Down by Law (Jim Jarmusch 1986)

by Douglas Buck August 22, 2020 5 minutes (1022 words) 4k restoration Cinéma Moderne

Two Jarmusch films on consecutive nights, in the theater, both new 4k restorations — Dead Man first, then Down by Law next (I know, out of chronological order, but blame the folks at Moderne! I would’a never watched them this way — my obsessive disorder wouldn’t allow it — even though I’m well aware that picking and choosing out of order can often create some interesting takes on a filmmaker, on my own, I… just… can’t… do… it… ) — what’s really made itself apparent is just how cinema literate of a filmmaker he is… I mean, I guess you can get away with putting a personal spin on the frontier western, as he did with Dead Man, but when you also have a Jarmuschean (yep, I said it) take on a cross neo-noir/road movie on your resume like this one, there’s a clear love and respect for cinematic genres going on here (even if he’s subverting them at every turn, such as not even bothering to either show, or explain, the break-out scene that the entire film hinges around).

The three losers

Following three oddball characters with no previous association – namely, out-of-work disc jockey Zack (Tom Waits), shifty local pimp Jack (John Lurie), and happy dick Italian tourist Bob (Roberto Benigni) – who end up in the same run-down prison cell (with the only one not framed for a crime he didn’t commit being Bob, who explains in his typically excited broken English, with the other two coming to the astonishingly realization, in the typically hilariously understated manner of the film, that the seemingly harmless foreigner actually killed somebody), only to soon escape and end up on the run through the Louisiana backwoods together, Down by Law may operate on a smaller, less formalistic canvas than Dead Man, but it’s equally successful (hell, perhaps even more so) at creating a fully realized, entirely engaging world, one unique to Monsieur Jarmusch.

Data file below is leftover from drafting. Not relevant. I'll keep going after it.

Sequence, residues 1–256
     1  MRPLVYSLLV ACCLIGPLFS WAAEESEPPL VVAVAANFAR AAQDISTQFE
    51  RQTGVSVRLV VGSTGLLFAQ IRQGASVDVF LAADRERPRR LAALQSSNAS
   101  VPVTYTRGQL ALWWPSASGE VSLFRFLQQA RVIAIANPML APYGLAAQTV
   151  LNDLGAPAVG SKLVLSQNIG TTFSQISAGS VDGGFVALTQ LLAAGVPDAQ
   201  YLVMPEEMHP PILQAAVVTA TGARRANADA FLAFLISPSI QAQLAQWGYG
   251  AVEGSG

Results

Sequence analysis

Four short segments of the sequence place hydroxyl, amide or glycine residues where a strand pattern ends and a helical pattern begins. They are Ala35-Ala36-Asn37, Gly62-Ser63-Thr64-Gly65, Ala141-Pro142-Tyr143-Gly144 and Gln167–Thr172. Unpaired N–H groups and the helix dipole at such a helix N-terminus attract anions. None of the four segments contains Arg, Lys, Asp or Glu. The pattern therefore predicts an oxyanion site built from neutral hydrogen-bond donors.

With Waits, Lurie and Benigni being three of the possibly most engaging actors a hip director like Jarmusch could have ever assembled (and that’s saying something, because I find the shmaltzy, over-sentimental caricature that the Italian star/director Benigni created for himself at that time more than a bit insufferable – it’s hard not to roll your eyes with his antics even in his most celebrated film, Life is Beautiful – but off the deadpan reactions from the two weary, bemused small timers? His boisterous childishness becomes pure delight), like with Dead Man, only with a more deliberate sense of immediacy, their road journey manages to be both absurd, amusing, broad… and ultimately poignant. In other words; alive.

Zack with his had-it-up-to-here girlfriend played by Ellen Barkin